Data Management Glossary
Wide Area Network (WAN)
A Wide Area Network (WAN) is a type of computer network that spans a large geographic area, typically covering multiple cities, countries, or even continents. WANs are designed to connect devices and networks that are located far apart, allowing them to communicate and share resources.
Compared to Local Area Networks (LANs), which are typically confined to a single location like an office building, WANs provide connectivity over longer distances. They enable organizations to establish communication links between their various branch offices, data centers, and remote locations.
WANs often rely on public or private telecommunication networks, such as leased lines, MPLS (Multiprotocol Label Switching), or the Internet itself. They can use various networking technologies, including routers, switches, and other network equipment, to facilitate data transmission and routing across the network.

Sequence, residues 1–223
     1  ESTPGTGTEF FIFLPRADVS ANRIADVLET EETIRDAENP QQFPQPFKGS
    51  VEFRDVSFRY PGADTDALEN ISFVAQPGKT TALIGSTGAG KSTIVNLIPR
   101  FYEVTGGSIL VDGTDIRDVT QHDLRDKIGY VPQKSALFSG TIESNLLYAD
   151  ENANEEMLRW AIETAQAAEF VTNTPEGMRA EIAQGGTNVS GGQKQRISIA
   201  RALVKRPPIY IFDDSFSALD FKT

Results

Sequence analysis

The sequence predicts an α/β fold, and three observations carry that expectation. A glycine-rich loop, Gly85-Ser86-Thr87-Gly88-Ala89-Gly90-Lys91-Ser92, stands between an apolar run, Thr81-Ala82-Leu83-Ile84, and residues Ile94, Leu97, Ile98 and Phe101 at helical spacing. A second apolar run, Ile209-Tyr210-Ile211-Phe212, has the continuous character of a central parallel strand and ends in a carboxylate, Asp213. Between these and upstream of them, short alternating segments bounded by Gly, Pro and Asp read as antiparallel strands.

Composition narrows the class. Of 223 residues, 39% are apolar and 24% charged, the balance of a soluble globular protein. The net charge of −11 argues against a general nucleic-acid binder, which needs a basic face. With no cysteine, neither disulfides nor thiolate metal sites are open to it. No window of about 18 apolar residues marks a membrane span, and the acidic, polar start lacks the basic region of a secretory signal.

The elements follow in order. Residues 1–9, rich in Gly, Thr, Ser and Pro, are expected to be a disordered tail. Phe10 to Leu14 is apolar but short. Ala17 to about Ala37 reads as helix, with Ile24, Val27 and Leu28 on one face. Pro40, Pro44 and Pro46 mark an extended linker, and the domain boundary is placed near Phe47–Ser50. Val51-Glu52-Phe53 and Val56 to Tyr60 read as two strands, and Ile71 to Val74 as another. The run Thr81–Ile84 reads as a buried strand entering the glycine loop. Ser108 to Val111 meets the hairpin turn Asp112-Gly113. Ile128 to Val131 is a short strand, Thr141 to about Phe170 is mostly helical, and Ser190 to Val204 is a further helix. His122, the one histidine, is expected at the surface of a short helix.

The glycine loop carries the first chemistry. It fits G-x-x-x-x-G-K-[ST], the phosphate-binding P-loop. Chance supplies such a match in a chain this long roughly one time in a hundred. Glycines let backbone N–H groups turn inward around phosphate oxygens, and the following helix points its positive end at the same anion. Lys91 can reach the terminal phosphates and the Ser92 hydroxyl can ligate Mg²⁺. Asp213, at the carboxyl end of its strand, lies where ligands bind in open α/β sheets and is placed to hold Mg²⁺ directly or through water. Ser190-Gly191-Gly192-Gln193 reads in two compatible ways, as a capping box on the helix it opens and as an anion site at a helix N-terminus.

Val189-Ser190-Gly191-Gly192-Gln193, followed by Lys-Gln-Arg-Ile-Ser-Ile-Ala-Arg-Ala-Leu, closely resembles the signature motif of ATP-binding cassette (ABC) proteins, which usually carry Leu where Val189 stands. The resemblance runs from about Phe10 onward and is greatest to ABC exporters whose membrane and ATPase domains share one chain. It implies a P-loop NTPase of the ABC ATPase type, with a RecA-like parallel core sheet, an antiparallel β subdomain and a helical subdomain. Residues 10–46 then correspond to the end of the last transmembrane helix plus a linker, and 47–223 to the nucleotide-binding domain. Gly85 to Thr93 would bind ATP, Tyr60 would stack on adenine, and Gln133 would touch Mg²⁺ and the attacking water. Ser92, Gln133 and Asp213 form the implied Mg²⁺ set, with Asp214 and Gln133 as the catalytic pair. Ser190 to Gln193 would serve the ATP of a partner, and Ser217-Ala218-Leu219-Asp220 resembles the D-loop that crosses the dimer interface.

Common WAN use cases
- Connecting branch offices: WANs allow organizations to interconnect their branch offices, enabling seamless communication and sharing of resources between different locations.
- Data center connectivity: WANs provide connectivity between geographically distributed data centers, enabling data replication, disaster recovery, and efficient resource utilization.
- Remote access: WANs enable remote workers to securely connect to the organization’s network and access resources as if they were on-site, using technologies like VPN (Virtual Private Network) or remote desktop services.
- Cloud connectivity: WANs facilitate connectivity to cloud service providers, allowing organizations to access and utilize cloud-based resources and services.
WANs play a crucial role in modern networking, enabling efficient and reliable communication across vast distances. They are essential for businesses and organizations that require connectivity and data exchange between multiple locations.
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